So how are all the special cases handled by the above? The main point of the algorithm is to try to "divide out" by infinity converting a complex infinity into a normal floating point pair. By doing the arithmetic with normal numbers the bad cases are not triggered. Finally the answer can be multiplied by infinity at the end, restoring the complex infinity state. If instead the result is zero, then `0×∞=NaN` will be produced. The first two if statements after the complex NaN check detect the complex infinities and handle those cases.

The third if statement in the NaN handler is much more subtle. Note that the individual floating point multiplications that make up the complex multiply can overflow. Thus we need to worry about when an infinity is produced from those. Finally, it looks like it is possible to create an `∞-∞` type calculation that will produce a NaN. This indeed can occur. However, fortunately, it is impossible to have this happen to both the real and imaginary parts simultaneously without a complex infinity already existing within the original inputs. Thus this overflow case is actually already handled by the complex infinity checks in the first two if statements.

The third if statement actually only effects the case where you are multiplying with a number that is partially a NaN. i.e. the real or imaginary part is NaN, but not both. If the number you are multiplying by is not a complex infinity, then the result is undefined in this case - so the original answer of a complex NaN was correct. However, a partial NaN multiplied by a large number that overflows to infinity will produce a complex infinity. (Think about it, no matter what the value of the NaN, the result of the multiplication will have an overflowing norm.) If you do not use partial NaN's then perhaps this check could be removed...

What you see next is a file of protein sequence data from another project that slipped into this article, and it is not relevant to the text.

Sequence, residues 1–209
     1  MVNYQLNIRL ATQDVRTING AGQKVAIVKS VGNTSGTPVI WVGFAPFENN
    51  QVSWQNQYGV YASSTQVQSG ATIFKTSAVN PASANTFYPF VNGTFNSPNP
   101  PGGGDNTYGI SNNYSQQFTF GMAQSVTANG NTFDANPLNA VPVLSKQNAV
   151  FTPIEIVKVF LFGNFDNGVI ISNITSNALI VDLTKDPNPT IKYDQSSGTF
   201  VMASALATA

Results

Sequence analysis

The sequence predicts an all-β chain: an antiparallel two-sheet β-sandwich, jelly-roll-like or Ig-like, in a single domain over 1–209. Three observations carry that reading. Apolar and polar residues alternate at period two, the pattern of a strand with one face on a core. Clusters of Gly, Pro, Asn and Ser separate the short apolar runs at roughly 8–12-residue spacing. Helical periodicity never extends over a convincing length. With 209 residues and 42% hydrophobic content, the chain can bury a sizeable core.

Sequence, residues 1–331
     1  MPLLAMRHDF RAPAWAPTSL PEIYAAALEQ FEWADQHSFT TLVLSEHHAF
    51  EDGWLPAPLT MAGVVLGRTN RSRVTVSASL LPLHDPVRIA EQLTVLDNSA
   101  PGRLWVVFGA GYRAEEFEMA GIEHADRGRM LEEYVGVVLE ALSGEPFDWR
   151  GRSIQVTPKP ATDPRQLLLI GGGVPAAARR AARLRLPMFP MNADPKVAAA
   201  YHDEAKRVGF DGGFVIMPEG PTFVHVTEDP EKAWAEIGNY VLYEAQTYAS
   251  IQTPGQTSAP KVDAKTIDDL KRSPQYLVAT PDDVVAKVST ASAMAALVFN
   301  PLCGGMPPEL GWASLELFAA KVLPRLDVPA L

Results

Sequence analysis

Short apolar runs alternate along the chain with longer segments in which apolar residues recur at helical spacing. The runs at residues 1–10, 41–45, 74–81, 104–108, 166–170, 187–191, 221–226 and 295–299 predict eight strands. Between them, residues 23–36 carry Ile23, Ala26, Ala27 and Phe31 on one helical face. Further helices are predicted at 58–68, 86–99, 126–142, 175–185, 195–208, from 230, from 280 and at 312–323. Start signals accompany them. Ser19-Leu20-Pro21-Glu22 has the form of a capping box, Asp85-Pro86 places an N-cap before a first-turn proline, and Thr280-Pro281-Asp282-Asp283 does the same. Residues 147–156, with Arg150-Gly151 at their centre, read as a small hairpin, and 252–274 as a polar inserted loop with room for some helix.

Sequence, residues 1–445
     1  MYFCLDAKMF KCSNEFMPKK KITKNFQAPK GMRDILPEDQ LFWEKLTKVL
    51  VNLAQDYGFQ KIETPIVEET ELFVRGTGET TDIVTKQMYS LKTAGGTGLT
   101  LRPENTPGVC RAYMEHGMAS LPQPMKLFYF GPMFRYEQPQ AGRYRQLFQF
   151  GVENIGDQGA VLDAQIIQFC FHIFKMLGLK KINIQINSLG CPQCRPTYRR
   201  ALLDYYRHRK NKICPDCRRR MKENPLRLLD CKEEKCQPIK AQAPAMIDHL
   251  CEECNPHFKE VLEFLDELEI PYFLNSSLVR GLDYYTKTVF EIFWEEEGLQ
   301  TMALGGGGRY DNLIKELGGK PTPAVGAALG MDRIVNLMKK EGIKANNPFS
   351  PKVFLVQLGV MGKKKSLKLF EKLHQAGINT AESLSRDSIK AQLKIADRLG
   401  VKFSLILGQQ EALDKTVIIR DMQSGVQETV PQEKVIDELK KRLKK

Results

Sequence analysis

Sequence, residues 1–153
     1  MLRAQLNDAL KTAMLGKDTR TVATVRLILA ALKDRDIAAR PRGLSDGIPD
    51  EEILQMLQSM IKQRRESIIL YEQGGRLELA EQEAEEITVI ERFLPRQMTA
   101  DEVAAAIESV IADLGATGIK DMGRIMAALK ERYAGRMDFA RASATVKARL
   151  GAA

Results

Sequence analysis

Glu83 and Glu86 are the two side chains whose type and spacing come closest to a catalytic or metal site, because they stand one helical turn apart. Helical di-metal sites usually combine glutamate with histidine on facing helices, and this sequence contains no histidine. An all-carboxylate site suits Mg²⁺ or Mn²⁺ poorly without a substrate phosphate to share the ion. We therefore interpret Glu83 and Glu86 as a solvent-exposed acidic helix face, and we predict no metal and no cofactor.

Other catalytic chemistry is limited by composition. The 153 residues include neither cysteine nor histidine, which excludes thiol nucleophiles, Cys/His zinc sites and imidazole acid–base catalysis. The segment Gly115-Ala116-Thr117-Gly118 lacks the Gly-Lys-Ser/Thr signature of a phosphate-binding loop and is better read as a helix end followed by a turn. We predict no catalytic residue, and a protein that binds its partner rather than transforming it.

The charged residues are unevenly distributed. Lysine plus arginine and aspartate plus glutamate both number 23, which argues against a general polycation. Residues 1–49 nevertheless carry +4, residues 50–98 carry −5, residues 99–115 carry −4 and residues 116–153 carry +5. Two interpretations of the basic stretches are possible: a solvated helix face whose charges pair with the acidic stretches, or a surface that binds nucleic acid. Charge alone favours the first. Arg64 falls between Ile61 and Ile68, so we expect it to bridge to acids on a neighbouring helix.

### Summary

Complex multiplication is much more complicated than it first appears due to the existence of NaN's within the floating point specification. The C standard specifies how it may be implemented with rather little overhead over the naive method. However, some users may not want any overhead at all, and would like to ignore the special cases triggered by complex infinities and NaN's. Such users can use compiler flags such as "-ffast-math" on gcc to remove overhead on a per-source-file level. This causes everything to be inlined, and many more optimizations to be done.

It may be interesting to compare this to the case of integers. There are several different integer types defined by the C standard. Some of the them, such as `int32_t` specify exact bit-sizes. Others, such as `int` do not, and require simply that the type be fast. It may be an idea to use a similar trick with floating point and complex floating point numbers.

Hypothetically, the current `float`, `double` and `long double`, together with their complex equivalents, could be like `int`, `long` and `short`, where speed is most important. The addition of `stdfloat.h` could add new types like i.e. `float_32`, `float_64` and `float_128` which could have explicit (and perhaps slow) implementations. Doing this would allow code to explicitly say where precision and exactness is required, and where it is not. Since typically, most code doesn't care too much about numerical accuracy this would be a speed win in the general case. Similarly, this allows the code that really does care, to obtain the numerical behaviour it needs at perhaps a small cost in performance.

Barak A. Pearlmutter said...
The "right thing" would be to inline the unguarded portion of that code, and only call a subroutine when the isnan guard is true.
Michael Lehn said...
There is a typo in

(a+ib)(c+id) = ac - bd + i(bc + bd)

it should be

(a+ib)(c+id) = ac - bd + i(bc + ad)
said...
said...
Bob Kinley said...
Multiplication might have been easier to handle using polar coordinates,
i.e if z1=r1*exp(x1) and z2=r2*exp(x2) , then z1*z2=r1*r2*exp(x1+x2)